I come from the Throne — bearing a message from Almighty God!” The words smote the house with a shock; if the stranger perceived it he gave no attention. “He has heard the prayer of His servant your shepherd, and will grant it if such be your desire after I, His messenger, shall have explained to you its import — that is to say, its full import. For it is like unto many of the prayers of men, in that it asks for more than he who utters it is aware of — except he pause and think. “God’s servant and yours has prayed his prayer. Has he paused and taken thought? Is it one prayer? No, it is two — one uttered, and the other not. Both have reached the ear of Him who heareth all supplications, the spoken and the unspoken. Ponder this — keep it in mind. If you would beseech a blessing upon yourself, beware! lest without intent you invoke a curse upon your neighbor at the same time. If you pray for the blessing of rain on your crop which needs it, by that act you are possibly praying for a curse on some neighbor’s crop which may not need rain and can be injured by it.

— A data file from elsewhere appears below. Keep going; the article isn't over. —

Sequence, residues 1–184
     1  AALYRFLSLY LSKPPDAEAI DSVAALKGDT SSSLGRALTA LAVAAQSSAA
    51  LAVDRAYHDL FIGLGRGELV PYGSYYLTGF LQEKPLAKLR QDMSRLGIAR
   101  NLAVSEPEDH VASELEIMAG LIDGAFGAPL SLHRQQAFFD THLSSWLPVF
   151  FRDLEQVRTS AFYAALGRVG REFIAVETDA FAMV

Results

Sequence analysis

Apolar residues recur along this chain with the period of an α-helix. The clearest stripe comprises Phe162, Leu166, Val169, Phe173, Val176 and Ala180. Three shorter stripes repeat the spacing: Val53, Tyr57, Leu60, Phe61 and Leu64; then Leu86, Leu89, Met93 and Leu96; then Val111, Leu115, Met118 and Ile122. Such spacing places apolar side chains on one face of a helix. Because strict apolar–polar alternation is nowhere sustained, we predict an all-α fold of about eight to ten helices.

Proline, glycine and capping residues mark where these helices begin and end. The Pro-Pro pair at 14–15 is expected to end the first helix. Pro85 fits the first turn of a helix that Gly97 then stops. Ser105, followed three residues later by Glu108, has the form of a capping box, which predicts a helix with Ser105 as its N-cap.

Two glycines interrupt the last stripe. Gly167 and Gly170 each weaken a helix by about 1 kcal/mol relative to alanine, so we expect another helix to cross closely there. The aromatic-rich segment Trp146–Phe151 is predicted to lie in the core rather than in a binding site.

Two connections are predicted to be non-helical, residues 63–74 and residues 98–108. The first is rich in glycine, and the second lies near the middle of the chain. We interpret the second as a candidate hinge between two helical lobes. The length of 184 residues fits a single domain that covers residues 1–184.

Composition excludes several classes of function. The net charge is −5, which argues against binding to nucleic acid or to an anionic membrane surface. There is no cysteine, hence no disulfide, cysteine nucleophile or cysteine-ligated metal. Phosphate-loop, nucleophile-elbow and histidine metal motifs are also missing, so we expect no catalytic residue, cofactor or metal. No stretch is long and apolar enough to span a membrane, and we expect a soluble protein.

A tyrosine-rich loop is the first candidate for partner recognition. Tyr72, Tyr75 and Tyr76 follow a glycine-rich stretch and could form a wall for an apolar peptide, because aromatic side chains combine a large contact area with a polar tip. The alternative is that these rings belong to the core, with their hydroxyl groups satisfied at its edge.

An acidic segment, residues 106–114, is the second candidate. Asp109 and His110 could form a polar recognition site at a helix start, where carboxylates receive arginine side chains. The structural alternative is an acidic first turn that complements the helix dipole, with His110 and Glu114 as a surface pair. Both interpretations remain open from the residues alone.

. . . You heard the words ‘Grant us the victory, O Lord our God!’ That is sufficient. The whole of the uttered prayer is compact into those pregnant words. Elaborations were not necessary. When you have prayed for victory you have prayed for many unmentioned results which follow victory — must follow it, cannot help but follow it. Upon the listening spirit of God fell also the unspoken part of the prayer. He commandeth me to put it into words. Listen!